Baby Driver Film Review – ★★★★★

Few directors invoke as much good will from cinema audiences this side of the Atlantic quite like Edgar Wright. The Shaun of the Dead and Hot Fuzz writer/director is as close to British cinema modern day royalty as it gets having delivered some of the most memorable genre-spanning comedies of the 21st century. Well, this time around he swaps the streets of Blighty with the banks of Atlanta for Baby Driver, a subverted action thriller which proves Wright is no longer a fanboy-turned-filmmaker – he’s one of the few must-see directors around.

Wright’s first directorial flick since The World’s End is told through the eyes, and, most importantly, the ears of Baby (Ansel Elgort) – a talented, youthful getaway driver who relies on the beat of his personal soundtrack to be the best in the game. He’s enigmatic, focused and doesn’t feel the need to use words where they’re not appropriate. He’s basically Drive’s weird little cousin.

Having gained a reputation as one of the best around, Baby is keen to leave the life of crime behind having finally paid off a mysterious debt to his long-time boss (Kevin Spacey). This is only compounded by meeting the girl of his dreams (Lily James) at the local diner, with the pair deciding to hit the road to parts unknown in a bid to start afresh… But Baby must face the music when a heist threatens his life, love and freedom.

At its core, Baby Driver is a throwback to films that lovingly portray the charisma of the criminal and the artistry of the car chase. There’s something truly old-fashioned about the way Wright uses his two loving leads who look they’ve come straight out of a 40’s American noir (the black and white dream sequences really emphasise the point). There’s a pureness and charm to Baby Driver despite the blood and palpable intensity.

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As absurdly difficult as his name is to pronounce, Ansel Elgort deserves a special mention here for keeping all that energy in check. He’s perfectly casted as our boyish hero and gives a nuanced performance that’s expertly measured. Ultimately he’s just incredibly cool and as an audience you have no problem willing a relationship built on nothing more than two 5 minutes meetings to victory. Kevin Spacey is also on in fully ruthless Francis J. Underwood mode, while Jamie Foxx keeps you on your toes as combustible gunslinger, Bats.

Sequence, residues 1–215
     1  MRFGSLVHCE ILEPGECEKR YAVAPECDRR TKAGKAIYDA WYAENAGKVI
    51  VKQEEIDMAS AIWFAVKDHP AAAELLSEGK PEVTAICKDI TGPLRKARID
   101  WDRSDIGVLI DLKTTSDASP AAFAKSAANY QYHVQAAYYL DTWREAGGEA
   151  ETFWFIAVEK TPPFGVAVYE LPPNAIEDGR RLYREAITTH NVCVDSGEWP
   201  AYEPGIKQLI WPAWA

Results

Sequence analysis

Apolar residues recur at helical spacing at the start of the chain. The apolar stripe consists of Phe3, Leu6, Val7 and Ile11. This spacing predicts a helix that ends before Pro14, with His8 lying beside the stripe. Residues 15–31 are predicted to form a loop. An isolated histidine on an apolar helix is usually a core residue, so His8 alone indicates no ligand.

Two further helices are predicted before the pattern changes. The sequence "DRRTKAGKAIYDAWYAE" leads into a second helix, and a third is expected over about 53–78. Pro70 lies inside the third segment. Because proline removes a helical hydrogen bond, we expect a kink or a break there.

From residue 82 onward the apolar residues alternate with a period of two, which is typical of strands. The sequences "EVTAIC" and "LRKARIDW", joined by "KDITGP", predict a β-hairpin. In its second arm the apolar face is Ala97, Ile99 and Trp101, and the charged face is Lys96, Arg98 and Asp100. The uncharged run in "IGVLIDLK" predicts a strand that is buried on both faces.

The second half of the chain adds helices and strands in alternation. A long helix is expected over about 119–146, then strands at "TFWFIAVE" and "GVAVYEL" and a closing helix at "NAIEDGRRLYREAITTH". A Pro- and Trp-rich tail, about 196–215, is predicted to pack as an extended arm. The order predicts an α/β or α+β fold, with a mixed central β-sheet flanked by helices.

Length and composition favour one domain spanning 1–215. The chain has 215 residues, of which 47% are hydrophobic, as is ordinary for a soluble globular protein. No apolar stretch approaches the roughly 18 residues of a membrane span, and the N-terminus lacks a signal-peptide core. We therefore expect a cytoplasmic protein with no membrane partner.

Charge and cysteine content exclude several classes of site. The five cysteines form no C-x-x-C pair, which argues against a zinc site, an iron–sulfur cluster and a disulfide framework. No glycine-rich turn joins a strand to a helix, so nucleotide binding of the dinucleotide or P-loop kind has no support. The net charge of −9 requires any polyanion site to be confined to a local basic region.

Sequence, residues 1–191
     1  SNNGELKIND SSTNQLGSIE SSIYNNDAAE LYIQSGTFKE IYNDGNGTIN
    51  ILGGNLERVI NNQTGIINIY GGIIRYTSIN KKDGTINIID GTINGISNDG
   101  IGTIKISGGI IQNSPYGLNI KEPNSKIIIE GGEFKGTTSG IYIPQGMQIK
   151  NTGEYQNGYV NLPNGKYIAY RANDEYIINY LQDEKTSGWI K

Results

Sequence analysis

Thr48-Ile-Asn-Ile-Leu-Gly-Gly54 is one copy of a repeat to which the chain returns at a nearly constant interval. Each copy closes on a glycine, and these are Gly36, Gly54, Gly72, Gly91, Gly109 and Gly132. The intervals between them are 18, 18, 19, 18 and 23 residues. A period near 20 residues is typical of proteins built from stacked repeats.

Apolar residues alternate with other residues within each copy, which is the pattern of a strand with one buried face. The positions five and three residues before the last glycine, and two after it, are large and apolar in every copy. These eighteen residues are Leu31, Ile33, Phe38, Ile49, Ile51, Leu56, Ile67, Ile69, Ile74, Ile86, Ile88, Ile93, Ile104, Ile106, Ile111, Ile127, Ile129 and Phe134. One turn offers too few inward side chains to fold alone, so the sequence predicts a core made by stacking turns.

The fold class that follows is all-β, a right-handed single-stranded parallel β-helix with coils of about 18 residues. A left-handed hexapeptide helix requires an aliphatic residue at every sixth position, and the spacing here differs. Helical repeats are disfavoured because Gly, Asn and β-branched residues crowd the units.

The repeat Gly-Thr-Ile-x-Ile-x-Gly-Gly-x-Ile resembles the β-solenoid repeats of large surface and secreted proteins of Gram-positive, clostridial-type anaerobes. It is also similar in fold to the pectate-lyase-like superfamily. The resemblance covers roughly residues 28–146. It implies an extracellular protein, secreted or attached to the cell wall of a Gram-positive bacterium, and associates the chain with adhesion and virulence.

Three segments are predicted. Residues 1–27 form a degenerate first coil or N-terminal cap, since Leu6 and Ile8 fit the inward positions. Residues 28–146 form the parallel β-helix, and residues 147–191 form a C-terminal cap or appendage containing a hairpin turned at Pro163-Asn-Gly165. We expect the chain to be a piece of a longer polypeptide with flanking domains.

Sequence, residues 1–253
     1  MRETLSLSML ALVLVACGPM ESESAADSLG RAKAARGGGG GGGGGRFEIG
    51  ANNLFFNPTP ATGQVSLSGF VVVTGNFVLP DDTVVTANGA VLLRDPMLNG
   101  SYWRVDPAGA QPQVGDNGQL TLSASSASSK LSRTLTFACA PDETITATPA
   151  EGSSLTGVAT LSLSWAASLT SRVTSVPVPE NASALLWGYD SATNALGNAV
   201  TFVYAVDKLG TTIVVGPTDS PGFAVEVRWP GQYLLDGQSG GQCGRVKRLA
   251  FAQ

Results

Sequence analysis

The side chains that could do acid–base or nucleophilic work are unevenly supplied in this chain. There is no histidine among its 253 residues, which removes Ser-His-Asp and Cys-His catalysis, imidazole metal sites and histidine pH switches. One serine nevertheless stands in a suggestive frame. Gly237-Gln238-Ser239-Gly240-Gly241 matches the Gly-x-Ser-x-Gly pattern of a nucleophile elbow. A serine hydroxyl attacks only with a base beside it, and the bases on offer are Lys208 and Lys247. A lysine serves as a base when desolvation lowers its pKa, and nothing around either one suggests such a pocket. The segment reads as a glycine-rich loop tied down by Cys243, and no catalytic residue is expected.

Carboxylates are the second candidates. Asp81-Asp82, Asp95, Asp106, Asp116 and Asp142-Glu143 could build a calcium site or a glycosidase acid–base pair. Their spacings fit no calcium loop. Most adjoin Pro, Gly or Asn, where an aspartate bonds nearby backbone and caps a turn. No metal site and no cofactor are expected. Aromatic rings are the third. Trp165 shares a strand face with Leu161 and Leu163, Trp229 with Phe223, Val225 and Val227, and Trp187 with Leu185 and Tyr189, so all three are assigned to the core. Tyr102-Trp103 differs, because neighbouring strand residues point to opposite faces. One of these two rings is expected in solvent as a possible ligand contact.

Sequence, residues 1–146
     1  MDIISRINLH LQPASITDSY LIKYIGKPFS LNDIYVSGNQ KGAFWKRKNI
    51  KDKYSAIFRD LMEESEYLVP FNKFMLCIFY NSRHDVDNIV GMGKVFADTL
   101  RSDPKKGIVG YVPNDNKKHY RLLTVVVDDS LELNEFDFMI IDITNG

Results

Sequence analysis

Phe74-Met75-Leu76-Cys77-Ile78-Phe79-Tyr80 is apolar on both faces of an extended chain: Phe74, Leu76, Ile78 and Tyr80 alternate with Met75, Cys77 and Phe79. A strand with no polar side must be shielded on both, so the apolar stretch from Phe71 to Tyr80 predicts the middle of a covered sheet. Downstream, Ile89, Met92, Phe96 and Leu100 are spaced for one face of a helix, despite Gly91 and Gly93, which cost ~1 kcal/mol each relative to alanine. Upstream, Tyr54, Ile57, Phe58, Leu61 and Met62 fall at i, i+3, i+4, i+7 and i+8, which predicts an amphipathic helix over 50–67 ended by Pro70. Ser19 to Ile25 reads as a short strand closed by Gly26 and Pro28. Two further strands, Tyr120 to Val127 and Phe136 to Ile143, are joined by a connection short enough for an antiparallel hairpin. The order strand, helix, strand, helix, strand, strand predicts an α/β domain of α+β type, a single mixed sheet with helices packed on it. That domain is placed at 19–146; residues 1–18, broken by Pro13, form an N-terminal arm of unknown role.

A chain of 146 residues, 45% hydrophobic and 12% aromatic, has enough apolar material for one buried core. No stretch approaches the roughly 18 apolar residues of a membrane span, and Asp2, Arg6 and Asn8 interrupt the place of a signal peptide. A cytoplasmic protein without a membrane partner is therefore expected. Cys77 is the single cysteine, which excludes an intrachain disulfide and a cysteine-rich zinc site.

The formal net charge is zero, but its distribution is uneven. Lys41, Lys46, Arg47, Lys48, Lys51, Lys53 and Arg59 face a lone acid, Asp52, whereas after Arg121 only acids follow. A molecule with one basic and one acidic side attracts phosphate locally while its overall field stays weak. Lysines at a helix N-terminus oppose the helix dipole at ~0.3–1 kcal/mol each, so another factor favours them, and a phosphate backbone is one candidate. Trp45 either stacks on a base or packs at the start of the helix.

We should mention, if you speak to anyone who’s seen Baby Driver, the first thing they’ll probably tell you about is the movie’s soundtrack. And it is absolutely stonking right from the start-line. Which is no real surprise given that the inception of Baby Driver began in 2003 when Wright road-tested the set-up during a music video he directed for the band Mint Royale, starring Noel Fielding. As such, the movie plays out as one continuous music video – it’s almost operatic.

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But don’t think this is in any way trying to distract you from performances or flaws with the zinging script. Wright has clearly made a film where each scene was crafted only when he had found the perfect track for it. The action and dialogue fit perfectly with the tempo and timings, and it’s perfectly fluid rather than being frantic and chaotic. That said, the car chases are still up there with anything you’ll see in Bond.

But really Baby Driver is about one man, and that’s Edgar Wright. The film may be far more polished than any of the Cornettos, but it’s unmistakably a Wright production, with short, sharp cuts, stylised close-ups of seemingly unimportant objects, and laughs which could just have easily been placed in Sandford’s Village Fete as opposed to a bank heist. The script is also superb with intrigue in each and every character despite the film’s action thriller origins. But unlike some of the big hitters in the genre, backstories aren’t shoved down your throat. You almost don’t need to know what more there is to them, you’re just happy to know there is more.

The main achievement of Baby Driver is the proof that action films don’t need to sacrifice a smart script for thrills – something that’s become all too familiar. And if we’re honest, something we’ve probably accepted far too readily.

RELEASE DATE:Wednesday 28th June

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